Deep surgical site infection after posterior instrumented fusion for rheumatoid upper cervical subluxation treated with antibiotic-loaded bone cement: Three case reports.

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Deep surgical site infection after posterior instrumented fusion for rheumatoid upper cervical subluxation treated with antibiotic-loaded bone cement: Three case reports.

Medicine (Baltimore). 2020 Jun 26;99(26):e20892

Authors: Ogihara S, Murase S, Oguchi F, Saita K

Abstract
INTRODUCTION: Patients with rheumatoid arthritis (RA) tend to be immunosuppressed due to RA itself and the therapeutic drugs administered. The management of surgical site infection (SSI) following upper cervical spinal instrumented fusion in RA patients is challenging; however, literature on the treatment for such conditions is scarce. We report 3 consecutive patients with RA, who developed deep SSI following upper cervical posterior fusion and were treated using antibiotic-loaded bone cement (ALBC).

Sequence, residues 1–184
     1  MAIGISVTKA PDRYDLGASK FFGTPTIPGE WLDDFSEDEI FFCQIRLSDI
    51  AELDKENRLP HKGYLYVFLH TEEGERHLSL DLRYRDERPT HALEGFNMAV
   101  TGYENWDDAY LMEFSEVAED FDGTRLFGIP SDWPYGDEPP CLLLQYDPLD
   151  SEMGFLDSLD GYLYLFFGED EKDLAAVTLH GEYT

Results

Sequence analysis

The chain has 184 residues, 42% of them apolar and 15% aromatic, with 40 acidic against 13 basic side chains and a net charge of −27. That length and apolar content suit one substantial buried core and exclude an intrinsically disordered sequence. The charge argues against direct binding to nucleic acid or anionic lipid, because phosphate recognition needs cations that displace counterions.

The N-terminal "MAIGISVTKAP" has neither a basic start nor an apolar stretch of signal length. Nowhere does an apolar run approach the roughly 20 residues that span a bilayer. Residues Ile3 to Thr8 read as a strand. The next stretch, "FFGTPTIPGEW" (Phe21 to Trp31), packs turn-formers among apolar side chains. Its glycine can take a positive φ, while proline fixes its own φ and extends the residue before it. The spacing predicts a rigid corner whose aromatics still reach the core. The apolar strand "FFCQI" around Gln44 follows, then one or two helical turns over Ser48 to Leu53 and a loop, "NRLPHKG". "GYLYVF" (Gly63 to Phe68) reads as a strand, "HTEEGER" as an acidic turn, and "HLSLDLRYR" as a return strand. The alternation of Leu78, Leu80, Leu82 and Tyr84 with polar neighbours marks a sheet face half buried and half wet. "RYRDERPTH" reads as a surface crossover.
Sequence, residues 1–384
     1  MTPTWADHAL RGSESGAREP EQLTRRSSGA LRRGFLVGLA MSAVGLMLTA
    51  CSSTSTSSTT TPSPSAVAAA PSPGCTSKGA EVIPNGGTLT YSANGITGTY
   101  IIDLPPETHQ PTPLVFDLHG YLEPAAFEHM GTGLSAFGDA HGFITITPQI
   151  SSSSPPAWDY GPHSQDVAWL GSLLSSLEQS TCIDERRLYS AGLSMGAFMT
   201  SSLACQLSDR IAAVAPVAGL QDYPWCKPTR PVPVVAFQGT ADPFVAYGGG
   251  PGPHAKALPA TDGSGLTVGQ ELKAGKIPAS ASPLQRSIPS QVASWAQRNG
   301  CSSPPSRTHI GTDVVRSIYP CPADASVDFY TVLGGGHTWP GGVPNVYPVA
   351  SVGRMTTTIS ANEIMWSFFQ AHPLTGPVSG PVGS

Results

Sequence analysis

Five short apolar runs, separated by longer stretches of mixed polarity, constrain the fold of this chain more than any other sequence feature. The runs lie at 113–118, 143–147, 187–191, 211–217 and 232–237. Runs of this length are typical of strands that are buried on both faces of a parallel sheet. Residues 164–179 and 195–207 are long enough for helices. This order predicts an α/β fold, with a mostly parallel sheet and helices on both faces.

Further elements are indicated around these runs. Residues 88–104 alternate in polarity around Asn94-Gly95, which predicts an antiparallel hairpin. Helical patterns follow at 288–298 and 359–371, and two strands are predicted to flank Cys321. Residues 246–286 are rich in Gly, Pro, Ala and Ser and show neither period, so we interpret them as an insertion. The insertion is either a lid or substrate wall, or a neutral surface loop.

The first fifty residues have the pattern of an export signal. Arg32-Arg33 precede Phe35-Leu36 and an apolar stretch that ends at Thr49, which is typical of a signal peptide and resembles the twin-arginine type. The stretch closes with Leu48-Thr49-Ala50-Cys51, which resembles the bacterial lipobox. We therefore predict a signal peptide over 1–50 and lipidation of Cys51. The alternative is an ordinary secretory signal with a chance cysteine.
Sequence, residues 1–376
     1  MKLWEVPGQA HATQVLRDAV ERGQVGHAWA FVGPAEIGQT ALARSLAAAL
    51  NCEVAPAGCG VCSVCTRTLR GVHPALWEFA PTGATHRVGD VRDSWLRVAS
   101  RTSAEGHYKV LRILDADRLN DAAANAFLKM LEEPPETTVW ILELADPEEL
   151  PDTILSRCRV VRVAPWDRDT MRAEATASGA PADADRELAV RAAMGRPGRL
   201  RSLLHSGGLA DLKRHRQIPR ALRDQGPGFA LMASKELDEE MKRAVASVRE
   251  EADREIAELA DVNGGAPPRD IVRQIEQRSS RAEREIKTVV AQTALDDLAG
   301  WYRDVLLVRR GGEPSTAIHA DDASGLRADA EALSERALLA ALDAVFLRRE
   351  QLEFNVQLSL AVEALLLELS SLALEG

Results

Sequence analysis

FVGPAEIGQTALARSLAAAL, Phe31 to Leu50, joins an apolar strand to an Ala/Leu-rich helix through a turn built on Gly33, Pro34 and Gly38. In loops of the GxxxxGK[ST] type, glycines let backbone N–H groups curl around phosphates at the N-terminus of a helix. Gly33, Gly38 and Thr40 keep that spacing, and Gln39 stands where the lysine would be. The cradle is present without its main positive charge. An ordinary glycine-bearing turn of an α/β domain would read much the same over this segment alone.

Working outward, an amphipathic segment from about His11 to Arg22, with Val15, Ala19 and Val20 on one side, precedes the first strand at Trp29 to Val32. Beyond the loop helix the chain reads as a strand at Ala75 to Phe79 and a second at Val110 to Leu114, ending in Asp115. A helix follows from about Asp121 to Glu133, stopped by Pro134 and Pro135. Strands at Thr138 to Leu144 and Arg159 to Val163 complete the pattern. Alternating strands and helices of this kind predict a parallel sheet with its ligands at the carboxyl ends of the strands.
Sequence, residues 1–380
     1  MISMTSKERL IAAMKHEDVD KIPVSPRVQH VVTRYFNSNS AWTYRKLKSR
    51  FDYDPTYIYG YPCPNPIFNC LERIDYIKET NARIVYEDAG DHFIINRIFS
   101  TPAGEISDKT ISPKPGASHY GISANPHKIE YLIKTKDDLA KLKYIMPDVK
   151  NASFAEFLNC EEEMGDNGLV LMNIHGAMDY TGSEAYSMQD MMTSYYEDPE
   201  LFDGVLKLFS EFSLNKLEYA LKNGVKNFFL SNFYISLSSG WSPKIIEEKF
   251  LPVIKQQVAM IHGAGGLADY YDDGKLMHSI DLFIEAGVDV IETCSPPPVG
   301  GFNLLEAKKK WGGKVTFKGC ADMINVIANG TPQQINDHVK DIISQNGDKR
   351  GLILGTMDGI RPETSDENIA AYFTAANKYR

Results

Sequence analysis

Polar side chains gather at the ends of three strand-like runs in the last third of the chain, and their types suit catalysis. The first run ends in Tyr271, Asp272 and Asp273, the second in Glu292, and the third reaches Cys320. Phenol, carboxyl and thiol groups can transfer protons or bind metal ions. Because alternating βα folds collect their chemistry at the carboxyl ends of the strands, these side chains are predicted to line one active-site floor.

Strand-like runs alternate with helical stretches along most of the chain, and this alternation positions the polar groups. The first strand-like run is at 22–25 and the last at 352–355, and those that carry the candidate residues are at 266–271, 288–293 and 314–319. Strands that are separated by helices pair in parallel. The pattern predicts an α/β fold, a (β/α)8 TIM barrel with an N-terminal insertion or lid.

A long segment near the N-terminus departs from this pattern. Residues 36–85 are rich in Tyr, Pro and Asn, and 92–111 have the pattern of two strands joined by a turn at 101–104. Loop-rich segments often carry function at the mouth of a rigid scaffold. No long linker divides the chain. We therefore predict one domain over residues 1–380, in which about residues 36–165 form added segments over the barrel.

PATIENT CONCERNS: All 3 patients reported in the current study experienced compression myelopathy with upper cervical spinal deformity and received prednisolone and methotrexate for controlling RA preoperatively. The patient in Case 1 underwent C1-2 posterior fusion and developed deep SSI due to methicillin-sensitive Staphylococcus aureus at 3 months postoperatively; the patient in Case 2 underwent occipito-C2 posterior fusion and developed deep SSI due to methicillin-sensitive Staphylococcus aureus at 2 weeks postoperatively; and the patient in Case 3 underwent occipito-C2 posterior instrumented fusion and laminoplasty at C3-7, and developed deep SSI due to methicillin-resistant coagulase negative staphylococci at 3 weeks postoperatively.
DIAGNOSIS: All patients developed deep staphylococcal SSI in the postoperative period.
INTERVENTIONS: All 3 patients were treated using ALBC placed on and around the instrumentation to cover them and occupy the dead space after radical open debridement.
OUTCOMES: The deep infection was resolved uneventfully after the single surgical intervention retaining spinal instrumentation. Good clinical outcomes of the initial surgery were maintained until the final follow-up without recurrence of SSI in all 3 cases.
CONCLUSION: ALBC embedding spinal instrumentation procedure can be a viable treatment for curing SSI in complex cases, such as patients with RA who undergo high cervical fusion surgeries without implant removal.

PMID: 32590796 [PubMed - as supplied by publisher]